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Editors’ Expressions: Take One for Tootie

It’s Thanksgiving, and Tootie's gonna have a party.

She’s not supposed to, but that’s not the point. Tootie is a free woman in a free country, and she’s gonna be free. And if other people are the ones who end up footing the bill—healthcare workers, the medically vulnerable, neglected seniors dying of loneliness because their loved ones can’t visit—well, that’s the price (other) people have to pay for (Tootie’s) freedom.

Tootie is my new county commissioner. She likes attention, and she got plenty with her weekend Facebook announcement that she’d be flouting Oregon Gov. Kate Brown’s latest round of restrictions aimed at restraining the wildfire spread of COVID-19.

Those restrictions included a cap of six people from two households at people’s Thanksgiving meals. Nuh-uh, says the freedom-loving Tootster: “My family will celebrate Thanksgiving with as many family and friends as I can find,” she huffed, sounding for all the world like a petulant preteen. “[Brown] ain’t the boss of us,” cheered one fan.

Both then presumably returned to wondering why those protesters downtown have so little respect for authority.

Fueling Brown’s move were the same numbers that are out of control everywhere. In the past two weeks, Oregon infections have doubled, and hospitalizations are up 56%. The county Tootie and I share has 4,600 cases, the tricounty urban area 25,000. Tootie said she didn’t know what local hospital bed capacity is running (because why would a local leader need to know that in a pandemic?), so let’s help her: In the Portland region today, ICU beds are 83% full, and other hospital beds are at 91% capacity.

Some of those people, one can imagine, took their own gambles with COVID and lost. But we know others didn’t. A certain percentage of COVID sufferers don’t know how they contracted it, and we’ve all seen reports of people who took good precautions but got sick anyway. Masks and distancing aren’t perfect—that’s why you still minimize other risks.

Lots of data now has chronicled that those hardest hit by the virus are the older, sicker, poorer, and nonwhite. Except for her age, that’s not Tootie, so perhaps it’s invisible to her. It might occur to you that things that come with costs to other people aren’t actually free, but for some reason people who understand this about healthcare and higher education don’t seem to see it with COVID. What Tootie and folks like her are actually doing is just cost-shifting to a lot of others less privileged than themselves.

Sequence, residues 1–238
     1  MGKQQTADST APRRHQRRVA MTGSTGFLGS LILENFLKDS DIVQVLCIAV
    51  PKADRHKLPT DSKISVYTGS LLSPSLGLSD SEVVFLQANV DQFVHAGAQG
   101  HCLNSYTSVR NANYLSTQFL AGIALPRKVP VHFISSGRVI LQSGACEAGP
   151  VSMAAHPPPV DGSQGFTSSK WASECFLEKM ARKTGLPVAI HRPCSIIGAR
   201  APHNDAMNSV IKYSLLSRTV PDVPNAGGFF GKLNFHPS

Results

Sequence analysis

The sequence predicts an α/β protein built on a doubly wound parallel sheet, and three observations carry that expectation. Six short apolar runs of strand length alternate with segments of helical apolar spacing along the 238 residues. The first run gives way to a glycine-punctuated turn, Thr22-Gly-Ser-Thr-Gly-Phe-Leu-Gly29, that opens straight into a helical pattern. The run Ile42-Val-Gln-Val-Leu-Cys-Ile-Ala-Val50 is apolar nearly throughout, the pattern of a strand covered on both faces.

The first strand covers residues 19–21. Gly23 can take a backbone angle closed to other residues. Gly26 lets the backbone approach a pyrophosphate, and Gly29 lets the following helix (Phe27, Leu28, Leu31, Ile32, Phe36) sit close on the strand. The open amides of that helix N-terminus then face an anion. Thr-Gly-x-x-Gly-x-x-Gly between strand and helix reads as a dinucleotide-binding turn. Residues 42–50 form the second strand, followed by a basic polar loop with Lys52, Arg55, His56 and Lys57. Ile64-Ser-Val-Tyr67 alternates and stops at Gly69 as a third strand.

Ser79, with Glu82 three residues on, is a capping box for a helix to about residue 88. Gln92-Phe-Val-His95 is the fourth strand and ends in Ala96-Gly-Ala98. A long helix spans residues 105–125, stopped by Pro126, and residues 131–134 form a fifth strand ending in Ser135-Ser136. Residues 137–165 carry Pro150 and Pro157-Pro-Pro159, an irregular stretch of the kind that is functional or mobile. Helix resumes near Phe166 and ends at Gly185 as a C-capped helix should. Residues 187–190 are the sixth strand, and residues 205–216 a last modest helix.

That’s people like my mother, who died in a local facility in April, and the amazing family that runs that facility, for whom quarantine requirements following any external contact keep them just as isolated as their residents. Mom only had to live without visitors for three weeks, so I regard her as pretty fortunate. Others in her situation have now gone eight months without a hug from a loved one. What that can do to the people who raised and cared for us is awful. Tootie’s freedom isn’t free for them. 

All that said, though, while business restrictions should stifle the spread some, I can’t imagine any executive pleas for responsibility in personal gatherings having any effect at this point, unless Brown's goal is to get kidnapped by terrorists. Sure, she’s actually asking law enforcement to “encourage compliance” this time, but we saw how that worked last time around, and if you don’t have enforcement, you don’t have a policy.

It’s mostly just choir-preaching anyway. The responsible people know what to do and have been doing it since March. The others have been pretty adamant  they’re not going to start, no matter what price other people have to pay.

Note once again, though, EMS providers are squarely among those “other people.”

John Erich is the senior editor of EMS World.

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